The Windrush Generation
A generation of Caribbean workers whose energy, creativity and dedication helped rebuild post-war Britain and shape today’s UK.
The contribution the Windrush Generation and their children and grandchildren have made to British life and to Britain is immeasurable.
Invited to the UK as friends of the Commonwealth, they arrived to work in sectors such as the NHS and on our transport networks, leaving their homes and families in the Caribbean to work as doctors, nurses, drivers, ticket collectors and porters in the UK.
Between 1948 and 1971, more than 500,000 men and women made the brave choice to create a new life here – bringing with them a fierce determination to succeed. They brought other things too – new food, fashion and music that make our cities the vibrant, culturally-rich places they are today. We celebrate the skills of their descendants as they represent Britain on the global sporting stage too.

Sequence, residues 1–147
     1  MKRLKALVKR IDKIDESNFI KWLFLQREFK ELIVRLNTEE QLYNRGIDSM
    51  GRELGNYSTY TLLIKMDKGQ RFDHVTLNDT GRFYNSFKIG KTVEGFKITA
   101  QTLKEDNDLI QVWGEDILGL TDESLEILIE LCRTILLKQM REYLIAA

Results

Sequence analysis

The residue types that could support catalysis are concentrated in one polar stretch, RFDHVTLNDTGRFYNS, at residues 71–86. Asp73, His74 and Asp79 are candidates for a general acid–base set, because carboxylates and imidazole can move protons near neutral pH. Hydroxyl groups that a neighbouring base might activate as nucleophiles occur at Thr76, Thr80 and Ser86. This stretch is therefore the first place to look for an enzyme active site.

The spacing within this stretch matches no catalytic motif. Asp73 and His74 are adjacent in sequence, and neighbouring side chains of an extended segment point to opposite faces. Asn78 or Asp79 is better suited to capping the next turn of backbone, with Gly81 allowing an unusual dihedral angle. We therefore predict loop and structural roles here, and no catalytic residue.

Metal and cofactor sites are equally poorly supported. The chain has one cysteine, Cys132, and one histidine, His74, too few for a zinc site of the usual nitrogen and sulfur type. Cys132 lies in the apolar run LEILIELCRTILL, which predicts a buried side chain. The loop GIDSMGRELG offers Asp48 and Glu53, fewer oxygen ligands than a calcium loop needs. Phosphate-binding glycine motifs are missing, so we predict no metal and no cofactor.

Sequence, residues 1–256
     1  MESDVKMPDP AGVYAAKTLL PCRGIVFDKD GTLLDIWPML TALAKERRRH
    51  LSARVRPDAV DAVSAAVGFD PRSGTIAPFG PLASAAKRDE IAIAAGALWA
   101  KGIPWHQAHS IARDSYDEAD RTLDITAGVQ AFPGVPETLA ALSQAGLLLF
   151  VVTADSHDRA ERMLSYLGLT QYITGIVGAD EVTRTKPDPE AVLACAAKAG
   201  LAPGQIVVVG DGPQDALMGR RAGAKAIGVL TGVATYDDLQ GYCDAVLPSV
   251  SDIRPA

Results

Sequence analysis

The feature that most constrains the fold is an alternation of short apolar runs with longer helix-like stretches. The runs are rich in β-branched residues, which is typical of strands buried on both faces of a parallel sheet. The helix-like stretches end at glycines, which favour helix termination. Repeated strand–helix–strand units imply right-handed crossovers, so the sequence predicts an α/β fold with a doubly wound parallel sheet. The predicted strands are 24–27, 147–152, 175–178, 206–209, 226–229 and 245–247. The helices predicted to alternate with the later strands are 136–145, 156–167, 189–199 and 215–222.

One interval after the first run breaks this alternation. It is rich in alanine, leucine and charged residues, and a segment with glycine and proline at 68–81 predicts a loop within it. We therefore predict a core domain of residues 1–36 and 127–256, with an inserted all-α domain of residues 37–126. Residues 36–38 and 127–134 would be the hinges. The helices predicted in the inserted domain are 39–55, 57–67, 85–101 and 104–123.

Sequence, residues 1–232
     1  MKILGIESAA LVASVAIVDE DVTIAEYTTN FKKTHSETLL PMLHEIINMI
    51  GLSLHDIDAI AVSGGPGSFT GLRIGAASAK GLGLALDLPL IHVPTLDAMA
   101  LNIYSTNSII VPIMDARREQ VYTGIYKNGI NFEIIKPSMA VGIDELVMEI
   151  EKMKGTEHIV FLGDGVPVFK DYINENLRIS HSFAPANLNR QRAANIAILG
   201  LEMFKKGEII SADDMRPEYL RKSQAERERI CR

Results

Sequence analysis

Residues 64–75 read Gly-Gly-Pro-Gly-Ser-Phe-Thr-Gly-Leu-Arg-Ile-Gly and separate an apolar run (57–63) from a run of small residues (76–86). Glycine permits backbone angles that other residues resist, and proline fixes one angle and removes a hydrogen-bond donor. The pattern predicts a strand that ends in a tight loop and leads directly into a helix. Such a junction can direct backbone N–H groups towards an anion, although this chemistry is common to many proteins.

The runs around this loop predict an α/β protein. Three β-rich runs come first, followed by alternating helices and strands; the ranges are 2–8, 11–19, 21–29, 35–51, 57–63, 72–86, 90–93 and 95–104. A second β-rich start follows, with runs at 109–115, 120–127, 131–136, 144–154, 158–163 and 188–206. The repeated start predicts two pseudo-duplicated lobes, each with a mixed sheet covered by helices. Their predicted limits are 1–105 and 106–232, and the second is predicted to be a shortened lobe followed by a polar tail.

As well as luminaries such as activist and academic Sir Godfrey Palmer and Sam Beaver King, the first black mayor of Southwark, the Windrush Generation includes men and women who quietly built lives and families and became part of the foundations of modern Britain.
At Pride of Britain, they were represented by Alford Gardner, one of two surviving passengers on the original Windrush voyage in 1948, musical pioneer Lloyd Coxsone, Joseph Mowlah-Baksh, who suffered as a result of the Windrush scandal, Guy Bailey, who helped lead the Bristol bus boycott, one of the most important moments in the history of civil rights in Britain, and Vernesta Cyril OBE, who spent decades as a midwife and is founder of the South East Wales Race Equality Council.